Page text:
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Socialist Progressives

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TBF

(32,004 posts)
Thu Nov 19, 2015, 05:30 PM Nov 2015

Remembering Joe Hill and his music ~ [View all]

Music was a centerpiece of the Wobbly “movement culture.” However, I wouldn’t say this came into existence with the IWW. Earlier, the abolitionists and the Gilded Age labor movement made singing, songwriting, poetry and other forms of writing a key part of their efforts. Coal miners and Jewish textile workers had already developed a strong working-class poetic and musical tradition, as did the Knights of Labor. So Joe Hill and Woody Guthrie were standing on big shoulders.



Remembering the Life and Music of Labor Agitator Joe Hill, Who Was Executed 100 Years Ago TodayDavid Cochran
11/19/15

Joe Hill saw his music as a weapon in the class war, composing songs to be sung on soapboxes, picket lines or in jail. And 100 years ago today, the forces of capital and the state of Utah executed him.

< snip >

Born Joel Hagglund in Sweden, Hill immigrated to the United States in 1902, changing his name to Joseph Hillstrom, which would eventually be shortened to Joe Hill. Working his way across the country, Hill became politicized, eventually joining the Industrial Workers of the World. Popularly known as the Wobblies, the IWW sought to organize those workers more mainstream unions avoided—the unskilled, migrants, immigrants, minorities—in an effort to combine the entire working class into One Big Union.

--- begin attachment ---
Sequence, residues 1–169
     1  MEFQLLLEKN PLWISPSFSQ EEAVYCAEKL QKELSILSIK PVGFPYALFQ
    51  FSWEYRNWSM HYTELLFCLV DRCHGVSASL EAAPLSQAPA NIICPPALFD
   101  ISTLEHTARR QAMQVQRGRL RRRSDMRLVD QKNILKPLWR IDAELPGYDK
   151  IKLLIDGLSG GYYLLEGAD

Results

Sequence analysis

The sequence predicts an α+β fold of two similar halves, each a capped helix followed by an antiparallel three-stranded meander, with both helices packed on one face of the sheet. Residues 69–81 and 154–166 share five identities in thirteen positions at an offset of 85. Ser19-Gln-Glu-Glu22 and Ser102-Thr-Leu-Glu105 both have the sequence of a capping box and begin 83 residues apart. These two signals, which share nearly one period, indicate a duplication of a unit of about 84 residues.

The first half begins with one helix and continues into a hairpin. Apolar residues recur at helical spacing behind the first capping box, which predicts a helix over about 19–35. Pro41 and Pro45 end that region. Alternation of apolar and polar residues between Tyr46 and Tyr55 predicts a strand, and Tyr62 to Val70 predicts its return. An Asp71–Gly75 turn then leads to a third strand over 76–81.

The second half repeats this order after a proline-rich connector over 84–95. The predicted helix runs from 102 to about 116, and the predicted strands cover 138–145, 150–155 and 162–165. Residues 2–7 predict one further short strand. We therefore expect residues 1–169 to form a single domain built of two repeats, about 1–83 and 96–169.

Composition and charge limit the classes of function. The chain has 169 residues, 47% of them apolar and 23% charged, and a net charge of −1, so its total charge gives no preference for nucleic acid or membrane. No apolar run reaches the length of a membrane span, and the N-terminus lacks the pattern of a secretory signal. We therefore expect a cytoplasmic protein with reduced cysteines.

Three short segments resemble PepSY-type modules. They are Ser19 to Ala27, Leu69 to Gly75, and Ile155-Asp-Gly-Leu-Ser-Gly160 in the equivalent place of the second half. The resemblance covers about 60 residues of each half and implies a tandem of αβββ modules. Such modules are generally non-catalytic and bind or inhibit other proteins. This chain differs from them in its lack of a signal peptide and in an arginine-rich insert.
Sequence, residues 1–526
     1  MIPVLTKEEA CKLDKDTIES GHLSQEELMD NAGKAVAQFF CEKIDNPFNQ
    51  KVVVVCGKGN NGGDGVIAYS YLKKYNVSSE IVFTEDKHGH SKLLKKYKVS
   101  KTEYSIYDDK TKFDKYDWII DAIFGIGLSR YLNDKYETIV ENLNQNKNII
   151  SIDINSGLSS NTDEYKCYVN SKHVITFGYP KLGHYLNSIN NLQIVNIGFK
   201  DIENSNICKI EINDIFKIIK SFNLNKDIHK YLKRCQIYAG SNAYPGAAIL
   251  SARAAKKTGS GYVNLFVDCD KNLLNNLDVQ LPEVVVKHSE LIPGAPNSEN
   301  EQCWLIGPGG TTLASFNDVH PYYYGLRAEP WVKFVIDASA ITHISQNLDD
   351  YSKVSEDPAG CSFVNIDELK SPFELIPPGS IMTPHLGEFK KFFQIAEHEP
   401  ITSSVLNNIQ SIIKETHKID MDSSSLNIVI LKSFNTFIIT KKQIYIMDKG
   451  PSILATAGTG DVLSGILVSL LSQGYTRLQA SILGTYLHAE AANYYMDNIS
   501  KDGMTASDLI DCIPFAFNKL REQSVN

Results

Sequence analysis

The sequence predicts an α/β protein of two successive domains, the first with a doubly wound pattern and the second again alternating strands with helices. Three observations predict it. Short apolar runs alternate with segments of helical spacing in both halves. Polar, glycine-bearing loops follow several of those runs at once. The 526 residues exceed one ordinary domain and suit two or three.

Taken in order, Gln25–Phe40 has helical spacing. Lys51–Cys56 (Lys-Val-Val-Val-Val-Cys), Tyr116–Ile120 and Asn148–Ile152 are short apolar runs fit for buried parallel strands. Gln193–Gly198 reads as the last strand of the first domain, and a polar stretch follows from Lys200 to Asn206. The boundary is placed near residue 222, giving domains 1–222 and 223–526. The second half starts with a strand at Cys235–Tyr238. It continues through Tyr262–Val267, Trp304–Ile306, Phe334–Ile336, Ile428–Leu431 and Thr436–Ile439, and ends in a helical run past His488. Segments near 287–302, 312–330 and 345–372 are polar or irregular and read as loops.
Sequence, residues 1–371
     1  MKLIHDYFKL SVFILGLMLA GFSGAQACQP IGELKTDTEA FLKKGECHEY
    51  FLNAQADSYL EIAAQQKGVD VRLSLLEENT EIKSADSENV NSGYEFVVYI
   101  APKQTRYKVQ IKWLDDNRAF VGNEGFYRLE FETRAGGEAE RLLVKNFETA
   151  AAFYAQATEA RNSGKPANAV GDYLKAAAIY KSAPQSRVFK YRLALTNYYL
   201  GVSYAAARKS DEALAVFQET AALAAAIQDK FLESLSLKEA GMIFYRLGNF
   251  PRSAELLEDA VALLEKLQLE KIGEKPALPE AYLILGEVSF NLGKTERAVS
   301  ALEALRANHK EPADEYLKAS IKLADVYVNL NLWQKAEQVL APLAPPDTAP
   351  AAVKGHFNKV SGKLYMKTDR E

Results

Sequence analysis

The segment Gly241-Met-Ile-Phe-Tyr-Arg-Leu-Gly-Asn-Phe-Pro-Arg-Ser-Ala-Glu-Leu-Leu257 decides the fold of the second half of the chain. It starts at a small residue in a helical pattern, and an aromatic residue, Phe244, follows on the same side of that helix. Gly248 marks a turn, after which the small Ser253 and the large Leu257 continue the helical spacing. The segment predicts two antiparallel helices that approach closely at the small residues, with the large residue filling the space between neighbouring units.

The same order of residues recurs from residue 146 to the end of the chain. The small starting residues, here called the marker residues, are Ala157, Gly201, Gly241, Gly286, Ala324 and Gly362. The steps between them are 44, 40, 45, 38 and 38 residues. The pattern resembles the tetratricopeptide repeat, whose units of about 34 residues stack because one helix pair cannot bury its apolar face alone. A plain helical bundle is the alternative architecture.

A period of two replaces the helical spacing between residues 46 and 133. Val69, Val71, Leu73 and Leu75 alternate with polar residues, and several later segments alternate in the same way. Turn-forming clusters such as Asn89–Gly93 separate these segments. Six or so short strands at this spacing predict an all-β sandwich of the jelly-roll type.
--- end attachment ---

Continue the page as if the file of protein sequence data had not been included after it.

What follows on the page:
As a Wobbly, Hill was active in free speech fights in Fresno and San Diego, a strike of railroad construction workers in British Columbia and even fought in the Mexican Revolution.

In 1914, Hill was arrested in Salt Lake City and charged with killing a storekeeper, allegedly in a botched robbery. Despite the flimsy nature of the evidence, Hill was convicted and sentenced to death, with the prosecutor urging conviction as much on the basis of Hill’s IWW membership as any putative evidence of his involvement in the crime. An international amnesty movement pressed for a new trial, but the Utah governor refused and Hill was executed by firing squad on November 19, 1915. In a final message to IWW General Secretary Bill Haywood, Hill urged, “Don’t waste any time in mourning—organize.”

Much more here - http://inthesetimes.com/working/entry/18386/joe-hill-labor-music-execution



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